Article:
At root, all financial institutions do is manage risk. It's a fact of banking that not all lent funds finds their way back. But in a crisis scenario that cost becomes an existential threat. So it's incumbent upon lenders to develop models that predict how and when a crisis might occur, an exercise that can become a sort of philosophical exercise in determining what is knowable.
Something that apparently wasn't knowable: the global financial crisis, which made mincemeat of these models. So among Dodd-Frank's requirement was that big banks undergo regular Comprehensive Capital Analysis and Reviews – i.e., stress tests – in which the Federal Reserve forces the banks to give their risk models a whirl in a hypothetical crisis.
That seems like a reasonable ask, given how poorly big bank models fared during the crisis. But, as a new Government Accountability Office review finds, the same uncertainty around models that plagues the banks also bedevils the Fed. How can we know that its models for judging the models are sound?
The GAO recommends, among other things, that the Fed should “apply its model development principles to the combined system of models used in the supervisory stress tests.” In other words, stress-test the Stress Test.
If you're going to make banks subject their own models to rigorous scrutiny, you're going to need a model to test them – which the Fed has. But who is to say that that model is sound? Someone is going to have to test it.
“The Federal Reserve’s organizational structure for the stress tests does not include a formal process through which model development or risk management at the aggregate—or system-of-models—level is implemented,” the GAO found.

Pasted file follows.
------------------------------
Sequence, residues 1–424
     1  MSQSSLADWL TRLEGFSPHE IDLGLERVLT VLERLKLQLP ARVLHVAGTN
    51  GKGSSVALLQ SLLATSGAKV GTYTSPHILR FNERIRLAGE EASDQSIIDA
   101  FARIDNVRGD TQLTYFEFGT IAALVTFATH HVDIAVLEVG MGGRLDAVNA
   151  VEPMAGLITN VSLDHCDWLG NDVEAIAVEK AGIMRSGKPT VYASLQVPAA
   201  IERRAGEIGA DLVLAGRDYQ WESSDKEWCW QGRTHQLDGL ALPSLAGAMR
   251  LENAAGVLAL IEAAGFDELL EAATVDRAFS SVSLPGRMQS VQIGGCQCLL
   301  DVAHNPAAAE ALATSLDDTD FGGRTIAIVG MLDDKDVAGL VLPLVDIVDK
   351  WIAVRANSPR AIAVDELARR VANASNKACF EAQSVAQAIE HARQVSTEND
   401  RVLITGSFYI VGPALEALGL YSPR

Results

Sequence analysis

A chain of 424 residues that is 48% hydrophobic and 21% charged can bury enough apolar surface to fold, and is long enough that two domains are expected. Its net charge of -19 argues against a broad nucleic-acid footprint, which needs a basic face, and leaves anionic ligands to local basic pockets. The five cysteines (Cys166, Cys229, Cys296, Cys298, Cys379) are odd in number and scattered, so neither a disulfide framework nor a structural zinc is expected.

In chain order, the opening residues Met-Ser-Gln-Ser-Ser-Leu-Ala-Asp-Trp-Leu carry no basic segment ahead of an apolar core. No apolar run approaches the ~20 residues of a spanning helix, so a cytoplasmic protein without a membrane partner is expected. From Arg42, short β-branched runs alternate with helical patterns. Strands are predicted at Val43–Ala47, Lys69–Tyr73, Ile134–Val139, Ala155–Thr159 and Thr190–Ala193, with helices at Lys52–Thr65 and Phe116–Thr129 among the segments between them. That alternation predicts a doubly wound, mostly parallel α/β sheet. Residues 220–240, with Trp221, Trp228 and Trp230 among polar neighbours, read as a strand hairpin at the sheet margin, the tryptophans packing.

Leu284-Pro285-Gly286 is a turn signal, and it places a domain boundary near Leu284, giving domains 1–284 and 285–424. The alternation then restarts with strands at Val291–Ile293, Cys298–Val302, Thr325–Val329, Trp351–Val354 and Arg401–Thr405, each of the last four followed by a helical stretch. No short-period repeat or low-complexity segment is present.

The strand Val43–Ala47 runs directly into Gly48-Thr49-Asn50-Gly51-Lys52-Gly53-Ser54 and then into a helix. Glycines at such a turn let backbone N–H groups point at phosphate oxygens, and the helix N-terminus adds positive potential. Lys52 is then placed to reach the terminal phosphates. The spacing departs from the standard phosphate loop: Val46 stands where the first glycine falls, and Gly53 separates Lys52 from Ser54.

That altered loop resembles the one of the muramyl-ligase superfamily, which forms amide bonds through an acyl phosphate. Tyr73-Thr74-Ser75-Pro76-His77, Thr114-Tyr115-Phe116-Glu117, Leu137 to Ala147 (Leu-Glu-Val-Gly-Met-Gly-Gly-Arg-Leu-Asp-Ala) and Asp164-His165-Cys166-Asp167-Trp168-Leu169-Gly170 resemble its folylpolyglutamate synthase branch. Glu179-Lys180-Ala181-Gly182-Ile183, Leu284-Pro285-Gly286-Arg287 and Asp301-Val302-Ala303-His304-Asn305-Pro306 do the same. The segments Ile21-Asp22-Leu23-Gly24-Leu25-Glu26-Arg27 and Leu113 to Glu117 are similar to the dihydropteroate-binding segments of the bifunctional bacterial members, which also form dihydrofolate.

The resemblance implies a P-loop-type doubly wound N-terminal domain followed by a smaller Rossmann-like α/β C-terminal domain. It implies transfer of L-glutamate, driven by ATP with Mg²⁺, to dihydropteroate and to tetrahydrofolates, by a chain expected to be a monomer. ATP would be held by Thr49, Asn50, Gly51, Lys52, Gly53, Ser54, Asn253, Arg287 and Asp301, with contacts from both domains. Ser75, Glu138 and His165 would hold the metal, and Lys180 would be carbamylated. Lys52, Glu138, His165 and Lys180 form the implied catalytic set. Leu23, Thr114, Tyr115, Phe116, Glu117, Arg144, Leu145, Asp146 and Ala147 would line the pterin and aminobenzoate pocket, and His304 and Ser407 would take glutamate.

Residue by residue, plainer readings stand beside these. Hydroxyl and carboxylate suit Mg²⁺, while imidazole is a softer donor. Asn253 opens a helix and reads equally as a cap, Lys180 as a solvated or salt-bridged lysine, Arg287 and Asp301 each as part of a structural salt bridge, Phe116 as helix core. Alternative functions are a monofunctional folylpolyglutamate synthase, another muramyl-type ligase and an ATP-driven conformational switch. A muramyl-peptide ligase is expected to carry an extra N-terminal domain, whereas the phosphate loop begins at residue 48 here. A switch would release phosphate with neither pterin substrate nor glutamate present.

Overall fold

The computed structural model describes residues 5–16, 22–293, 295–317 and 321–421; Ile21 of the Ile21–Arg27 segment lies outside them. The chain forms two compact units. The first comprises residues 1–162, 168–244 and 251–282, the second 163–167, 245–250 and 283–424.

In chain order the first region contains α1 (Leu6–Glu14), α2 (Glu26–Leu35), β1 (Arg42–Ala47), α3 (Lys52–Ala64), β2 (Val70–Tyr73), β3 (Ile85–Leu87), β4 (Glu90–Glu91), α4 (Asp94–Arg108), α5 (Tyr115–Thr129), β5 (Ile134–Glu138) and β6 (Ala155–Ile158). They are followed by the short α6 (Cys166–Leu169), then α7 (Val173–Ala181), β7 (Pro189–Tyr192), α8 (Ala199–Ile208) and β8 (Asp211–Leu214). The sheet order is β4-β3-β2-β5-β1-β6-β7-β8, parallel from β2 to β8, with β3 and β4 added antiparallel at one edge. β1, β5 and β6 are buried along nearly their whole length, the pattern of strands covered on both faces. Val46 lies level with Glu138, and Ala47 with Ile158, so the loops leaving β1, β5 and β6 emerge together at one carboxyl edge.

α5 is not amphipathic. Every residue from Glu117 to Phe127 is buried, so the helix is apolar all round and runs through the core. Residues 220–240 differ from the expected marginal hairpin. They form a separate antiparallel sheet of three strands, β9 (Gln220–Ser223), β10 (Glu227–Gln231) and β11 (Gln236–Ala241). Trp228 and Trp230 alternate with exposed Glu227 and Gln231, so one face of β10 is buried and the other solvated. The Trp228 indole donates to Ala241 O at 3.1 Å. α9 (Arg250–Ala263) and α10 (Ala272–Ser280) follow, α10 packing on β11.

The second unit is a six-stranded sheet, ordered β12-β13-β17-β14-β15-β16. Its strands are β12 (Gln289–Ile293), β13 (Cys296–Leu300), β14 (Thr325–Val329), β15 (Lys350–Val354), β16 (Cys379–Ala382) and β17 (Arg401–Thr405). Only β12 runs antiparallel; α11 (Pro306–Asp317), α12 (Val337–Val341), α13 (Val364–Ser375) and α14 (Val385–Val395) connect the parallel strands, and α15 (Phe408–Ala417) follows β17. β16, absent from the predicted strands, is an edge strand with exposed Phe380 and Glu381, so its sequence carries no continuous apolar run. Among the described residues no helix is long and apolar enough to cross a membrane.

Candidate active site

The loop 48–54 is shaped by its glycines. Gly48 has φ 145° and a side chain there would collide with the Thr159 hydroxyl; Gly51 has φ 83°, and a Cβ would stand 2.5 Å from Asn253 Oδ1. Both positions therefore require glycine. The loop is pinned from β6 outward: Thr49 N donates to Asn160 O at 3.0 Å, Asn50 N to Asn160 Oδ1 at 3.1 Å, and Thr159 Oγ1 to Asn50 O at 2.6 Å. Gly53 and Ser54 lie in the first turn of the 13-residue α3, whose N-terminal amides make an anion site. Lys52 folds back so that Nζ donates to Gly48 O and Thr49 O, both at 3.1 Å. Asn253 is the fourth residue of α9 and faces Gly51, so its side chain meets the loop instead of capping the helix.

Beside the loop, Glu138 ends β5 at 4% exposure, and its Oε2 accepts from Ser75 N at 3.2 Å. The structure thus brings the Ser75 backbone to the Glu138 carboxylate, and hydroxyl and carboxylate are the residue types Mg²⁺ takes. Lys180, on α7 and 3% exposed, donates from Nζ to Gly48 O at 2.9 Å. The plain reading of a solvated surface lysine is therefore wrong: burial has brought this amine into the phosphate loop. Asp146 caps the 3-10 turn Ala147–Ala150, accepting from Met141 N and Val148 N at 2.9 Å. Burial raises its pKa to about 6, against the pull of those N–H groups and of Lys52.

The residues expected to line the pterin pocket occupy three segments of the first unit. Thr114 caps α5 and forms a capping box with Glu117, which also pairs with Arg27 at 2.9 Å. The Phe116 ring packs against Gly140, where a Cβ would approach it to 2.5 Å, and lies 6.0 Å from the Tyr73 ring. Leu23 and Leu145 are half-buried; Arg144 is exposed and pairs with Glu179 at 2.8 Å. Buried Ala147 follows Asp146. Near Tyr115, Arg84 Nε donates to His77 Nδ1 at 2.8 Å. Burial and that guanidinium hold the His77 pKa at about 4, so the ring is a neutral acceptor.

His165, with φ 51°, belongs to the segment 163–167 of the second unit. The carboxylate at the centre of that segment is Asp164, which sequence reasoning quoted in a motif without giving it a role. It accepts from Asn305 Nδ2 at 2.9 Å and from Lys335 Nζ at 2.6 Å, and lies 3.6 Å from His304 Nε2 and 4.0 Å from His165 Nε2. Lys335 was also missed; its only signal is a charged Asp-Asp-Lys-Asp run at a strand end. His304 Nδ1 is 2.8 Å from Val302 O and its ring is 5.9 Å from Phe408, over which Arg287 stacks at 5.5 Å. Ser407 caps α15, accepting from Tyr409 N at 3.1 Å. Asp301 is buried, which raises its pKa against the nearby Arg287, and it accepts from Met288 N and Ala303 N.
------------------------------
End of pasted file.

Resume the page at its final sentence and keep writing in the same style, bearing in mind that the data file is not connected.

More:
But you can't really get any more central than the central bank. Eventually this becomes a epistemological problem. Who is the ultimate authority on what can be known in banking? Can there really be a model of all models?
Of course, there's a practical takeaway here: The Fed's models determine how much capital banks need to sock away and how much they can hand out to shareholders, so there's certainly some dollars-and-cents motivation out there to make sure the Fed's models are calibrated favorably. But again, who's to say?
The GAO made a bunch of other recommendations in the review, which was spurred by friend of finance Rep. Jeb Hensarling. Echoing the complaints of banks, the watchdog recommended that the Fed make its guidelines more transparent and explain its decisions with greater clarity. As the Donald prepares his reign, some are expecting a much leaner stress test process.
But first, the Fed has to get its metaphysical house in order.